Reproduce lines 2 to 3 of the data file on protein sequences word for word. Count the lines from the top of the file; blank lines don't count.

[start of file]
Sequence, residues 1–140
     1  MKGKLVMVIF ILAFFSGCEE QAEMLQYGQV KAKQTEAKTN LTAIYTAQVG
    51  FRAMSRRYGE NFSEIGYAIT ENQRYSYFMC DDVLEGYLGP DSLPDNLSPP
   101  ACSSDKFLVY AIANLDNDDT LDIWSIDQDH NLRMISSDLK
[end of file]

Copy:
     1  MKGKLVMVIF ILAFFSGCEE QAEMLQYGQV KAKQTEAKTN LTAIYTAQVG
    51  FRAMSRRYGE NFSEIGYAIT ENQRYSYFMC DDVLEGYLGP DSLPDNLSPP